EMU students attack ‘period poverty’ issue with dispensers of free menstrual products

EMU students attack ‘period poverty’ issue with dispensers of free menstrual products

YPSILANTI, MI - Period poverty is defined as a lack of access to menstrual products, sanitation facilities and adequate education.

Last summer, Eastern Michigan University senior Janelle Polasek discovered this issue on the Ypsilanti campus, using a social work class project to try and bolster the availability of free products.

Fast forward to today, and there are 20 dispensers with more than 1,000 free products in multiple EMU buildings as part of the EMU Changing the Cycle initiative, due to the work of Polasek, fellow students and local advocates.

Polasek, an Ann Arbor resident studying social work, started exploring period poverty in summer 2021 prior to her senior year. She read a study in her social work class about the lack of menstrual product access across college campuses, which showed that one in 10 college women are unable to afford period products.

“So the data was there to show that we needed a program,” Polasek said.

The class required working with a local agency on an issue, which led them to finding Swoop’s Food Pantry, an EMU organization offering assistance with food and other essential items. Polasek connected with Talecia Avery, Michaela Foster and Roya Herrle, who all worked as interns at the pantry and were already looking into addressing period poverty.

Each dispenser would cost $200, Polasek said, so the group sought funding to buy and install them, as well as fill them with free, organic products. Student organizations on the EMU campus pitched in hundreds to thousands of dollars, including the Women’s Resource Center, LGBT Resource Center, student government and a Social Work Service Learning class. In addition, the organization Aunt Flow committed funds to help the project.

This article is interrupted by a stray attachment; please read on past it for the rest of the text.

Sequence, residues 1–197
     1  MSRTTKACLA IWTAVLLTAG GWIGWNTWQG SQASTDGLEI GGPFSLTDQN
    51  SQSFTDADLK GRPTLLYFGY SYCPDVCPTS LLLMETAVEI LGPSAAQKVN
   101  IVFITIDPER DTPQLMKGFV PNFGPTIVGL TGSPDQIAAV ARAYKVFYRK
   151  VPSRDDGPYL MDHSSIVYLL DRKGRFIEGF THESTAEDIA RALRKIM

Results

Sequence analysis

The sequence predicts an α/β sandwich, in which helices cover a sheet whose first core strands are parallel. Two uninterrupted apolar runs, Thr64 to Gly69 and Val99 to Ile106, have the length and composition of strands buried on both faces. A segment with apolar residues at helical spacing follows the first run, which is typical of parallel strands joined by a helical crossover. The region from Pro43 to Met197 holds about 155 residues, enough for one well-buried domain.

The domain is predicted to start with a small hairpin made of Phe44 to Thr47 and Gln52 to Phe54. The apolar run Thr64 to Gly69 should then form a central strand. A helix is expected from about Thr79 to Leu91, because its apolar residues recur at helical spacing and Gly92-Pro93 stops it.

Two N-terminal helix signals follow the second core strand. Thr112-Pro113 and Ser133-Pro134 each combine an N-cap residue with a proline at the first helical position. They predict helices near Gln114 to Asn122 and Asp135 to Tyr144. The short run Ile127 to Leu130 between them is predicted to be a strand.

By October 2021, EMU Changing the Cycle was underway, Polasek said. It serves the university Commons, Convocation Center, Marshall building, Student Center and Rackham, Sill and Strong halls, according to an EMU news release.

The locations are in both women’s and gender-neutral bathrooms, Polasek said, which is meant to increase inclusivity.

“We want to use gender-neutral language to make sure that people know it’s not just cis-women that have periods,” Polasek said.

Feedback from the EMU community has been positive, said Julie Harkema, faculty adviser to the Swoop’s Food Pantry.

EMU students attack ‘period poverty’ issue with dispensers of free menstrual products

“We are encouraged by the support from the campus community, including EMU’s Student Government and the administration,” she said. “With that support as well as how easy it was to work with Aunt Flow, the project moved ahead quickly and it’s gratifying to see students create solutions to address unseen barriers and be successful in helping their peers.”

The only criticism of Changing the Cycle has been that it is not expansive enough, Polasek said, adding that they are working with EMU officials and current sponsors on expansion.

“Residence halls are one that we have gotten a lot of feedback from, and we wouldlike to have them there,” Polasek said.

Polasek is also proud that the project provided menstrual product availability prior to Ann Arbor’s local law requiring free products.

Read more:Ann Arbor tampon law now in effect, petition calls on University of Michigan to abide

“I actually called up City Council and talked about Changing the Cycle,” Polasek said. “What a difference it had made.”

What started as a class project continues to grow, and Polasek is excited to be a part of this journey as a project manager of EMU Changing the Cycle moving forward.

“It has been amazing to see this initiative grow and be enthusiastically supported by the campus community, with so much momentum toward ending period poverty locally and at the state level,” Polasek said.

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